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VILSECK, Germany — A 172nd Infantry Brigade non-commissioned officer was found guilty at a court-martial here Wednesday of murdering four bound and blindfolded Iraqi detainees and dumping their bodies in a Baghdad canal.

Master Sgt. John Hatley, 40, had pleaded not guilty to premeditated murder in the killing of the detainees in March or April 2007.

A jury of fellow soldiers took almost four hours to find him guilty of murder and of conspiring with other soldiers from Company A, 1st Battalion, 18th Infantry Regiment to kill the four men, who were detained with a large cache of weapons after a patrol came under fire.

The maximum sentence Hatley could face is life in prison without parole. The mandatory minimum sentence for premeditated murder under the Uniform Code of Military Justice is life in prison with the possibility of parole.

The jury found Hatley not guilty of murdering a wounded detainee, who, witnesses claimed, he shot on a Baghdad street in January 2007.

Hatley was also acquitted of trying to cover up the canal killings by allegedly ordering two soldiers to clean blood from the troop compartment of a Bradley fighting vehicle and burn zip ties and blindfolds used on the four victims.

During closing arguments government trial counsel Capt. Derrick Grace told the jury that it should believe other members of Hatley’s former unit — Company A — who testified that he shot the detainees.

Grace referred to key evidence given by Sgt. 1st Class Joseph P. Mayo, 27, and Sgt. Michael Leahy Jr., 28, who told the jury that Hatley killed detainees. Both admitted to also killing detainees at the canal and both received lengthy prison sentences after being convicted of murder earlier this year.

However, Hatley’s civilian lawyer, David Court, attacked the credibility of the prosecution witnesses, several of whom gave conflicting versions of events or told different stories in court than they told Army investigators.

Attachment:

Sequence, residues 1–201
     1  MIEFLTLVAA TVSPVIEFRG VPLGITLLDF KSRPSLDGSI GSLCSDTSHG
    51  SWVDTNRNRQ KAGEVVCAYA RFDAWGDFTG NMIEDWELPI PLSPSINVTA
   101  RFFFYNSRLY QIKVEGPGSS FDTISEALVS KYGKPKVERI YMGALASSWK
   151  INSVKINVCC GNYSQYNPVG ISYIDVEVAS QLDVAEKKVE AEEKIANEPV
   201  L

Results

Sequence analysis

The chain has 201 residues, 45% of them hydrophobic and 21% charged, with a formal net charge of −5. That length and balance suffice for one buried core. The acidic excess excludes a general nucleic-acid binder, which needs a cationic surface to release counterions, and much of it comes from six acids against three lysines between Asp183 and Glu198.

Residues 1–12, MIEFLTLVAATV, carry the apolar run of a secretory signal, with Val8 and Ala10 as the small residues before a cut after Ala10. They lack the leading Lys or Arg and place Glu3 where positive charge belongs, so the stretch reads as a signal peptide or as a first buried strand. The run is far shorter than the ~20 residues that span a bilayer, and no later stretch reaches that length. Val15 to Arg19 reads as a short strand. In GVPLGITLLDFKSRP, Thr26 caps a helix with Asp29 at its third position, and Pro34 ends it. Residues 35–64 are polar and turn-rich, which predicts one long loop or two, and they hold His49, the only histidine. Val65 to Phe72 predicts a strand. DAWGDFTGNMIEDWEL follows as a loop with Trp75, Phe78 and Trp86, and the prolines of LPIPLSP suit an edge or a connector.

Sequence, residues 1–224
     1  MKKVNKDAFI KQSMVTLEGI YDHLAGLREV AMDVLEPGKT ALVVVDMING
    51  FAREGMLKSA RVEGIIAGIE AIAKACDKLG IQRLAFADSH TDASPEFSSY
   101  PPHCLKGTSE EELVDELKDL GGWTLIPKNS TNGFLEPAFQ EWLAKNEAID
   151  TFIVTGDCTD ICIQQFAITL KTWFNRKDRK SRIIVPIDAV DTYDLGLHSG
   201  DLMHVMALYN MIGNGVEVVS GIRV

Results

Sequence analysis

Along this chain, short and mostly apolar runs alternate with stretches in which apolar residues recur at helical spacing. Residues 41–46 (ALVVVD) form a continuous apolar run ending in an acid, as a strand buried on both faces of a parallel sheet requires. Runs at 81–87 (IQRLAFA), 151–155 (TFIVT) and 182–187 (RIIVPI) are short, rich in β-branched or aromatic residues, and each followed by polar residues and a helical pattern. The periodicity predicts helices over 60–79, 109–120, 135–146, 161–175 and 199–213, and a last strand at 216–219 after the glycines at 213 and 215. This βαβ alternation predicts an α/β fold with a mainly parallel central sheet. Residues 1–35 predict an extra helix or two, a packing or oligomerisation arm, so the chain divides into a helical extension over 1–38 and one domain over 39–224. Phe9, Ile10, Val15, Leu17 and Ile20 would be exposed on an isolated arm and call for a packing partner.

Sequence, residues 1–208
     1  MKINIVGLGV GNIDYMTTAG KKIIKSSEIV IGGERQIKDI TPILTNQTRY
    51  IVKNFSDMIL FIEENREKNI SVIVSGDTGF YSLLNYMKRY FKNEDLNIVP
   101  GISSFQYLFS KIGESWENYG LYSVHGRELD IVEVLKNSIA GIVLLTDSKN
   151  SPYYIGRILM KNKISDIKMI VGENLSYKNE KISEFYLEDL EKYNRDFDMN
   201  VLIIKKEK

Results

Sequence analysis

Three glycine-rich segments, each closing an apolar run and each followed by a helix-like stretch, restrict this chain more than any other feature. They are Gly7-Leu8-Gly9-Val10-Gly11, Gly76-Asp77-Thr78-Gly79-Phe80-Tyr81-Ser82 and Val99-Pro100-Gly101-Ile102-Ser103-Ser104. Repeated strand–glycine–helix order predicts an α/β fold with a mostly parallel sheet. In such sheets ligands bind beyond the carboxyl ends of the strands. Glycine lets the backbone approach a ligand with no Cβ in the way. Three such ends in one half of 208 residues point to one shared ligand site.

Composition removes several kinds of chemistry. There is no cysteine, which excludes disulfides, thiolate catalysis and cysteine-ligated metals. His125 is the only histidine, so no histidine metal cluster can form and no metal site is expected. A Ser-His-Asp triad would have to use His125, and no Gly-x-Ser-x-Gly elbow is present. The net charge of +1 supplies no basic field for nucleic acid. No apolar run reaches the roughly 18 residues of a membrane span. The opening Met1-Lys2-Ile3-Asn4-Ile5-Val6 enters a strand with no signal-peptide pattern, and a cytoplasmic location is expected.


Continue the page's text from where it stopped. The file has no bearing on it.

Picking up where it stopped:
"It is critical that we determine which testimony is credible beyond reasonable doubt," Court said, adding that many prosecution witnesses cut deals with the government to escape punishment for involvement in the killings in exchange for their testimony.

Court had tried to persuade the jury that Mayo and Leahy’s testimony could be motivated by a desire to appear less culpable in the killings.

"The defense wants you to believe that everybody is lying," Grace said, adding that it was unreasonable to believe that all of the Company A soldiers who testified would lie to pin the blame for the killings on Hatley.

Court told the jury to take account of the many witnesses, including an Iraqi interpreter, who gave evidence of Hatley’s good character and record of respectful treatment of Iraqis.

However, Grace said evidence that Hatley was a good soldier did not work as a defense to murder.

"[Hatley] made choices he wasn’t entitled to make. He took lives he wasn’t entitled to take," Grace said. "The crimes are among the worst that can be committed by a professional soldier. The accused became judge, jury and executioner."

Some of the alleged victims at the canal, who were detained with a large cache of weapons, were probably "bad guys" but that did not absolve Hatley from his crimes, Grace said.

"It was his duty to care for the wounded detainee (who was allegedly killed in January). It was his duty to either process or let them (the other four detainees) go. Execution is still murder," he said.

Court told the jury that, even if they believed that Hatley, Mayo and Leahy fired at the back of the detainees’ heads at the canal, there is no proof that any of them died, since the government has not found bodies or forensic evidence despite an extensive search in Iraq.

Grace countered: "Hatley was a division master gunner. Can you believe that he and the others, who he trained, missed their targets from a few inches away? There is no doubt that these four men are dead. They are not walking around Iraq somewhere with big holes in the backs of their heads."

The jury was due to hear arguments with regard to sentencing on Thursday.

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Seth Robson is a Tokyo-based reporter who has been with Stars and Stripes since 2003. He has been stationed in Japan, South Korea and Germany, with frequent assignments to Iraq, Afghanistan, Haiti, Australia and the Philippines.

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